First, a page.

The Sunday routine was rather busy. One of the local men, Peter, arrived early and took the van to go pick up local people who have no way of getting to church. Peter also played a drum, the only instrument at St. John's. Again the people were wonderful, very welcoming, enthusiastic, and involved in the service. As soon as it ended, Peter drove the local people home and then we drove about an hour to Christ the King for an11AM liturgy. As we drove we stopped at towns along the way and picked up those who had no transportation. Once we arrived and unloaded, another local man, Harold, took the van to pick up the locals near this church. Here we had not only a drum, but also an electric keyboard and once more the people were welcoming and enthusiastic and we felt right at home.After we were finished the same routine happened in reverse. Harold took the locals home, when he returned all the folks from other townships piled in and we headed back to St. John's, dropping people off along the way.

Once back at St. Johns, we had a few moments to catch our breath when we discovered a local homeless man sleeping on the church property. He became our friend and we would share a sandwich with him from time to time. Initially this was a concern for me - I didn't know this homeless man or how safe or risky it was to be feeding him. My wife's response was one that taught me a bit about what our attitude should be. "Frank, he's hungry, where else should he go if not the Church?"

With weekend liturgies over Ginni and I toured the island, got acquainted with some of our parishioners, and decided that we would try to initiate mid-week Adoration at both parishes. We scheduled a Holy Hour for THUR night at St. John and FRI for Christ the King. Once more, both were well received and the people complimented us on the service and my reflection.

After the 2nd weekend liturgy a young mother approached us about baptizing her daughter. The child was 1 and Ginni and I set up a time for her and the God-parents to come to the rectory for a Baptism Prep session and we planned to baptize her the following SUN.

When I looked into what we were to use for a Baptismal Font we discovered that they used one of the Corning Ware bowls in the kitchen. The same one we had made tuna noodle in the night before. We thought we should try to elevate and consecrate a specific font used just for baptism. Ginni found a very nice set of stainless steel bowls and we set aside the largest one, as well as a conch shell we found at the beach. On SUN, before the entire community, I consecrated the bowl and shell as the baptismal font - then we used them to baptize the little girl.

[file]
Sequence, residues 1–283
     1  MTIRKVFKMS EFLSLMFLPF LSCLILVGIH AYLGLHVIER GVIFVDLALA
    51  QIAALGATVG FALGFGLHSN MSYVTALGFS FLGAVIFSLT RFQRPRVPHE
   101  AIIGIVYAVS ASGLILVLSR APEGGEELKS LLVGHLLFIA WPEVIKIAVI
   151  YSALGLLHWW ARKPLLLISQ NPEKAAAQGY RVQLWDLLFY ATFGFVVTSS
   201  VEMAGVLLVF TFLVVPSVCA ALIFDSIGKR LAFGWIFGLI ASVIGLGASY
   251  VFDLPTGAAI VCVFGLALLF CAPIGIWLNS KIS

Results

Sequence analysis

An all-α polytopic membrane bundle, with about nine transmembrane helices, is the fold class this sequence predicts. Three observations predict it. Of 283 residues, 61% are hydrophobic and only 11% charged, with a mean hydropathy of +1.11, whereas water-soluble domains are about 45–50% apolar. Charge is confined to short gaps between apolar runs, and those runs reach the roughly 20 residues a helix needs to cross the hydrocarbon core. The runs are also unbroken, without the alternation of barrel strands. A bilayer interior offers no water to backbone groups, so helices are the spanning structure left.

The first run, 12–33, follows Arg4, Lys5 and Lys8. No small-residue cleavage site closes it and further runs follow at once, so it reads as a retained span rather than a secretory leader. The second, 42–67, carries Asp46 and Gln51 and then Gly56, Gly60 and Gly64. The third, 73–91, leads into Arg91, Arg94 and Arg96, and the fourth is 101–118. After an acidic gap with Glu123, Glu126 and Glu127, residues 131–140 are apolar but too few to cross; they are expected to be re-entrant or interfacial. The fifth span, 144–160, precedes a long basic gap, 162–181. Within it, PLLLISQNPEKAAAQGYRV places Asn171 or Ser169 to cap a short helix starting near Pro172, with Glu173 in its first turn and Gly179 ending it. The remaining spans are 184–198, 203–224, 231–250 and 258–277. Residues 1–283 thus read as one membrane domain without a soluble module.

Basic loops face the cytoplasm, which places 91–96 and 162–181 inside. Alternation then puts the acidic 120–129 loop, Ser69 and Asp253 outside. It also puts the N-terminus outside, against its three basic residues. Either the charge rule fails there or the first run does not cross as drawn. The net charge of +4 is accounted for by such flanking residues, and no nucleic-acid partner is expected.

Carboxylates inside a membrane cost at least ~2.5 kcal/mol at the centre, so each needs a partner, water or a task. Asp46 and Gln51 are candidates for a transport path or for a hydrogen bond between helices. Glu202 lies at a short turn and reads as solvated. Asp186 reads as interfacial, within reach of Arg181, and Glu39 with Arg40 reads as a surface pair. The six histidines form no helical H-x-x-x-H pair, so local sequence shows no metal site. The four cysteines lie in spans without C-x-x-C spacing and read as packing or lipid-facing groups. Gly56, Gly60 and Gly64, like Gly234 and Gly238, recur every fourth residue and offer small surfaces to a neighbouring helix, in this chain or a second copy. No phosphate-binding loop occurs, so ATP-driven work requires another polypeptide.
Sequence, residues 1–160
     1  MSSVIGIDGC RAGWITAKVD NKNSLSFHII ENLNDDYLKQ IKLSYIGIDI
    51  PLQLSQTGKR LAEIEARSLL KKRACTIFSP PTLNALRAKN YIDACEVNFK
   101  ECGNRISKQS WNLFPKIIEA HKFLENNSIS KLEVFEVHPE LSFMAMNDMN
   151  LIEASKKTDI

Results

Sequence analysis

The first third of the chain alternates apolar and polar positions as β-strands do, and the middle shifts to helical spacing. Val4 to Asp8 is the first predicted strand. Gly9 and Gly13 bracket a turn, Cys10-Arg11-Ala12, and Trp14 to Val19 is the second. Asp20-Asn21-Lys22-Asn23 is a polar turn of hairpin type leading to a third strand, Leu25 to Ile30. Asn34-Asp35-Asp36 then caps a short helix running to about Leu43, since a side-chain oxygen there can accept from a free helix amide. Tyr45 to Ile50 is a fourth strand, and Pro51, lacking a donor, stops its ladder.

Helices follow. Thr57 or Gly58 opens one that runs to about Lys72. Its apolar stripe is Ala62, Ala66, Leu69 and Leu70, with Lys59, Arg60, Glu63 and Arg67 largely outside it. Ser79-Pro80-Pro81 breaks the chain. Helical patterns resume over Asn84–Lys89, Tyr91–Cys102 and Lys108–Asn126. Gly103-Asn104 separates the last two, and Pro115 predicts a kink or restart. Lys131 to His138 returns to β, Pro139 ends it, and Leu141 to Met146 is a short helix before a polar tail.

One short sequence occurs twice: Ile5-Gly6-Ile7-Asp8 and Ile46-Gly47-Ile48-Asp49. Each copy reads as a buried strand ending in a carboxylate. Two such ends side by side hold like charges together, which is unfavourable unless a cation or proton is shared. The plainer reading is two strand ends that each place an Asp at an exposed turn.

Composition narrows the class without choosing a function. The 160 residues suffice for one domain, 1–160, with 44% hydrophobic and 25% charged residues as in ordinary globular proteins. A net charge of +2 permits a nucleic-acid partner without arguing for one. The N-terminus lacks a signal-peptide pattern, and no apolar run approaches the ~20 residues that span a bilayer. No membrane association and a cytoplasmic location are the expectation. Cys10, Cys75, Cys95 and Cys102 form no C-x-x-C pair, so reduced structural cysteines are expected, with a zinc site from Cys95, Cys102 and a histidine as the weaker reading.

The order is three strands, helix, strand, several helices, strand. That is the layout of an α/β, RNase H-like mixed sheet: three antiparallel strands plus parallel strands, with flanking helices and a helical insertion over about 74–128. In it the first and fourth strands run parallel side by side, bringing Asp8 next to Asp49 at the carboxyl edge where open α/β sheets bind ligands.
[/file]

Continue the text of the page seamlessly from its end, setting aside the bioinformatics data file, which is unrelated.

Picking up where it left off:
At the end of our stay we left Andros and returned to Nassau. We met with the Archbishop confident the heat and bugs (which were intense) were things we could deal with. He encouraged us to write up what we thought we might need as a model for ministry, which we did, then put our house on the market.

A year later we returned a 3rd time, letting the Androsians know we were trying to sell our home to come here permanently, but the housing market was making it impossible. While we wanted to go, we have financial obligations that necessitated selling the house.

When we returned to the US after this trip, several people suggested renting. Our contract with the realtor was up and so, we took it off the market, offered it as a rental, and were swamped with people. There is a lot of detail in how all that went down, but suffice it to say, we quit or jobs in July, our home is rented, our vacation cottage in NH is rented, and our work permits have arrived. Soon we will have dates for the move from Archbishop Pinder and we will be off.


Alberto & Meredith Jimeno said...

Mr. Tremblay - congratulations and best wishes on this new chapter of your lifes. Sounds like it is going to be an unbelievable experience! Make sure you pack a fly rod and some Crazy Charlies!


Liza said...

Congrats Ginni and Frank! Joe and I can't wait to hear from you after you're settled in on Andros. Looking forward to your blog posts!

Frank said...

Frank and Ginny,
this is a wonderful way to stay in touch. While you had told us most of the story, it has quite an impact when read as a whole. We know God is with you in this ministry.

Frank and Ellen

Adam said...

We hope you made it to The Bahamas safely. Good luck on your new adventure and have fun! The blog is great!!

-Adam & Lori Najjar

Liza said...

Hope your tummy is feeling better Frank!